US Airways & American Airlines’ planned merger: What does this mean at London Heathrow?

American Airlines & US Airways are, after much speculation and uncertainty over regulatory approval (and significant concessions over slots at US airports), expected to merge.

As the two airlines have large domestic networks in the US much of the coverage has naturally focused on the impact in the US. However, the merger does have implications for travellers in London, particularly frequent flyers of British Airways and Oneworld which is what I focus on in this post.

American Airlines is a member of the Oneworld alliance with British Airways and the two airlines operate a joint-business across the atlantic serving, inter alia, key American Airlines hubs in New York, Miami, Dallas-Fort Worth, Chicago and Los Angeles from London Heathrow.

US Airways is (for now) a member of Star Alliance and has a relatively small presence in London serving Charlotte and Philadelphia from London Heathrow. The airline’s main hubs in the US are in Charlotte, Philadelphia, Pheonix and Washington.

1. What we know will happen

  • American Airlines and US Airways will merge in 2014.
  • The combined airline will operate under the American Airlines brand and be a member of the Oneworld alliance. US Airways will leave the Star Alliance and join Oneworld on 31 March 2014.
  • This means that members of BA and American Airlines’ frequent flyer programmes will be able to earn and redeem miles on routes currently operated by US Airways.
  • The combined airline will add approximately 50 destinations in North America not currently served by either BA nor American Airlines, specifically a large number of routes from US Airways hubs in Charlotte, Philadelphia and Pheonix.

2. What is likely to happen

  • US Airways will probably move from Terminal 1 at Heathrow and co-locate with American Airlines in Terminal 3.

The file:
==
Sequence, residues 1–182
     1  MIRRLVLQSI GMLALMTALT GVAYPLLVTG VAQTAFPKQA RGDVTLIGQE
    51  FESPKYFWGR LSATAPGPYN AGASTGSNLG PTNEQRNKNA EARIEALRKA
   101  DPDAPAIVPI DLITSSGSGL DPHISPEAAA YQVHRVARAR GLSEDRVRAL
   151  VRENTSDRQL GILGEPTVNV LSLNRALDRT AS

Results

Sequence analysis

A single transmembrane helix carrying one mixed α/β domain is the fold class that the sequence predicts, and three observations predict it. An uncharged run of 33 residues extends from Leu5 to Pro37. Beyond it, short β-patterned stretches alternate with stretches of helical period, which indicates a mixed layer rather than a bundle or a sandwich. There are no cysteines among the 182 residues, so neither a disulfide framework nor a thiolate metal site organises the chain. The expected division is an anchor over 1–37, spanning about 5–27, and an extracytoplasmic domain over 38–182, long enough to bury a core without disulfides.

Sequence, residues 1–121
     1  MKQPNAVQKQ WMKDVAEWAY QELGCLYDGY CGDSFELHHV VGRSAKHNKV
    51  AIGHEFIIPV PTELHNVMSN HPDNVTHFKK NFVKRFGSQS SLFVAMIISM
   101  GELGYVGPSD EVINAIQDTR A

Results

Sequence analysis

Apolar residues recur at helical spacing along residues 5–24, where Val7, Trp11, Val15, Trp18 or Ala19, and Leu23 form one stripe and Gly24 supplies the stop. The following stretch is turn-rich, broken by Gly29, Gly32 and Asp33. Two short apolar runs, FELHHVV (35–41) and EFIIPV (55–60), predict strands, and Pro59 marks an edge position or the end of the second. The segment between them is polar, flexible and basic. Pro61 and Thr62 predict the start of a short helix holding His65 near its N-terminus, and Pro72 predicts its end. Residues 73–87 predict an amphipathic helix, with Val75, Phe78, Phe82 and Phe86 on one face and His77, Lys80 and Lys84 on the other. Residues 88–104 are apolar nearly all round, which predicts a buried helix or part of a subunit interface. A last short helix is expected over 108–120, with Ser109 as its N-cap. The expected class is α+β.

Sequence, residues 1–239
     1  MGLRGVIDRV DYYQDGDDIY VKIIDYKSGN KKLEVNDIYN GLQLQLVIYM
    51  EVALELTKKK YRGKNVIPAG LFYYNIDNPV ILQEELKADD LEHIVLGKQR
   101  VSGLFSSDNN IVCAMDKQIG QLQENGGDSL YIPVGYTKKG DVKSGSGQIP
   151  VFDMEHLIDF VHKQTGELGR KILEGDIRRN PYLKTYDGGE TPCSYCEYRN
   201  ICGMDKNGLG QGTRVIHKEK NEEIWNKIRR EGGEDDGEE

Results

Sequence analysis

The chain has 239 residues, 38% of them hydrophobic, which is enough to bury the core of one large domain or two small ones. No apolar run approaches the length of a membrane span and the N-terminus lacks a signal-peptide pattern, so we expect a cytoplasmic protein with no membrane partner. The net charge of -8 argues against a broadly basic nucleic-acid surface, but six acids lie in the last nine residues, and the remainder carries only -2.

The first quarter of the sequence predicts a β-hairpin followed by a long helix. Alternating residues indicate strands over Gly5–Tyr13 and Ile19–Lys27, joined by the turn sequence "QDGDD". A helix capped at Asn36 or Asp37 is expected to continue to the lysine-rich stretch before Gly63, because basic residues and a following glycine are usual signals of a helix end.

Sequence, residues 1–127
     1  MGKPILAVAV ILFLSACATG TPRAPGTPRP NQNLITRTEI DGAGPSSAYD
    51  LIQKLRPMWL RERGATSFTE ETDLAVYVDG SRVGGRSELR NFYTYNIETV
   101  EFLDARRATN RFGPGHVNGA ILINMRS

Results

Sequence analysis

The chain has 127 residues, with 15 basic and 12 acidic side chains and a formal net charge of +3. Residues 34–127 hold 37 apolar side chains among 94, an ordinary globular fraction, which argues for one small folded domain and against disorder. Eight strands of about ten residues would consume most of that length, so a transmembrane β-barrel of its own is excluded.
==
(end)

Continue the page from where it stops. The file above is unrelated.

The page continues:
• BA will codeshare with US Airways on its transatlantic routes and domestic flights in North America, adding approximately 50 destinations that can be reached indirectly in North America from BA’s network at London Heathrow.

3. What may also happen

  • US Airways may add additional services and frequencies at London Heathrow, specifically a flight to Pheonix.
  • BA may also launch a direct route from London Heathrow to Charlotte.
  • BA may increase frequencies to Philadelphia (usually twice daily) and Pheonix (usually daily), supported by feeder traffic at these US Airways hubs.
  • The merger may also help launch new services to other secondary US cities not currently served by BA nor American from Heathrow. BA has already added new services to San Diego and Austin (launching next year) and one reason for this was the presence of American Airlines’ frequent flyers in the local market.

All in all it does strengthen the presence of Oneworld in the London Heathrow transatlantic market, just as Virgin Atlantic and Delta are about to start their joint-venture and give American Airlines and British Airways are run for their money on the London – New York route.

A word of warning that mergers of airlines, particularly legacy US carriers, are not pretty. United Airlines was beset by operational difficulties whilst digesting its merger with Continental Airlines, so there may be a lot of painful operational issues in the first year of the merger. To add to this, both American Airlines and US Airways also have a history of poor industrial relations and there are already signs of discord between rival unions.

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